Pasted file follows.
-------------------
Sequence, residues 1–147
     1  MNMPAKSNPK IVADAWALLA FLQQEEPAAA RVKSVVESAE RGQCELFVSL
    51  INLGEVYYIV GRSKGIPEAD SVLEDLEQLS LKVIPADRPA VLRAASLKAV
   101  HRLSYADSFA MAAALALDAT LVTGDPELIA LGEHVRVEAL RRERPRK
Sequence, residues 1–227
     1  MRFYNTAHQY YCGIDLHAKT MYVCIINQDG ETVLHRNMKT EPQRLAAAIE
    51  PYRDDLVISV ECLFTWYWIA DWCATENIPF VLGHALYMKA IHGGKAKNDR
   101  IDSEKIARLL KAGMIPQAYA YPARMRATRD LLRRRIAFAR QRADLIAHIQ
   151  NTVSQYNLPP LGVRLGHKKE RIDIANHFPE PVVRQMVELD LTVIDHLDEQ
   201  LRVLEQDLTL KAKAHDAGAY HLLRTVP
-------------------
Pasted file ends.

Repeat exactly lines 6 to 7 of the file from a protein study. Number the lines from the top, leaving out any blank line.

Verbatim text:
     1  MRFYNTAHQY YCGIDLHAKT MYVCIINQDG ETVLHRNMKT EPQRLAAAIE
    51  PYRDDLVISV ECLFTWYWIA DWCATENIPF VLGHALYMKA IHGGKAKNDR